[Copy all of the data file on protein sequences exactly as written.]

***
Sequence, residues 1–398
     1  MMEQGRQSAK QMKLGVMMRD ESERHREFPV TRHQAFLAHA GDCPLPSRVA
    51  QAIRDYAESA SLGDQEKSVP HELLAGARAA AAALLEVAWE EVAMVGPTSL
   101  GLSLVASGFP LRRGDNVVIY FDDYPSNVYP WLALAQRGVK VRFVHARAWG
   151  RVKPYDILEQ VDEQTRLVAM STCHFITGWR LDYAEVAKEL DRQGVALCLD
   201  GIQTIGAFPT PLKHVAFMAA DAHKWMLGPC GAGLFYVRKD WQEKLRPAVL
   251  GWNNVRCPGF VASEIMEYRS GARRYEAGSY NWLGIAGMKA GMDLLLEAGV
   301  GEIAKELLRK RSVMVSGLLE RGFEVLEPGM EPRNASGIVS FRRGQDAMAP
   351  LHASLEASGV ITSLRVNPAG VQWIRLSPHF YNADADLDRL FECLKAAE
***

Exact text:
Sequence, residues 1–398
     1  MMEQGRQSAK QMKLGVMMRD ESERHREFPV TRHQAFLAHA GDCPLPSRVA
    51  QAIRDYAESA SLGDQEKSVP HELLAGARAA AAALLEVAWE EVAMVGPTSL
   101  GLSLVASGFP LRRGDNVVIY FDDYPSNVYP WLALAQRGVK VRFVHARAWG
   151  RVKPYDILEQ VDEQTRLVAM STCHFITGWR LDYAEVAKEL DRQGVALCLD
   201  GIQTIGAFPT PLKHVAFMAA DAHKWMLGPC GAGLFYVRKD WQEKLRPAVL
   251  GWNNVRCPGF VASEIMEYRS GARRYEAGSY NWLGIAGMKA GMDLLLEAGV
   301  GEIAKELLRK RSVMVSGLLE RGFEVLEPGM EPRNASGIVS FRRGQDAMAP
   351  LHASLEASGV ITSLRVNPAG VQWIRLSPHF YNADADLDRL FECLKAAE